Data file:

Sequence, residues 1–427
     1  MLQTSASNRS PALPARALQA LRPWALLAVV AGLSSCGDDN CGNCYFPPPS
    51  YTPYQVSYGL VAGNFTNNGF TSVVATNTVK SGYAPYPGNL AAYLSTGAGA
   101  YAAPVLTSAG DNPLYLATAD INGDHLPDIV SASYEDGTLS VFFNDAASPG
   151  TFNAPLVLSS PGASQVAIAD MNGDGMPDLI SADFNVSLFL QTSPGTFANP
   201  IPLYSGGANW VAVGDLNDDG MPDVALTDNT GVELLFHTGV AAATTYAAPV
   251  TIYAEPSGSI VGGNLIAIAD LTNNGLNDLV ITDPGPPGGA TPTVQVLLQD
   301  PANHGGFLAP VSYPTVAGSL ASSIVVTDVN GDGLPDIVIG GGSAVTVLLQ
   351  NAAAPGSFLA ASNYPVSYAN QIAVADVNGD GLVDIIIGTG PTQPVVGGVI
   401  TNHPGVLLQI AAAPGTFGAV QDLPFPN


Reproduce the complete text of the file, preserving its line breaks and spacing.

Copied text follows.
Sequence, residues 1–427
     1  MLQTSASNRS PALPARALQA LRPWALLAVV AGLSSCGDDN CGNCYFPPPS
    51  YTPYQVSYGL VAGNFTNNGF TSVVATNTVK SGYAPYPGNL AAYLSTGAGA
   101  YAAPVLTSAG DNPLYLATAD INGDHLPDIV SASYEDGTLS VFFNDAASPG
   151  TFNAPLVLSS PGASQVAIAD MNGDGMPDLI SADFNVSLFL QTSPGTFANP
   201  IPLYSGGANW VAVGDLNDDG MPDVALTDNT GVELLFHTGV AAATTYAAPV
   251  TIYAEPSGSI VGGNLIAIAD LTNNGLNDLV ITDPGPPGGA TPTVQVLLQD
   301  PANHGGFLAP VSYPTVAGSL ASSIVVTDVN GDGLPDIVIG GGSAVTVLLQ
   351  NAAAPGSFLA ASNYPVSYAN QIAVADVNGD GLVDIIIGTG PTQPVVGGVI
   401  TNHPGVLLQI AAAPGTFGAV QDLPFPN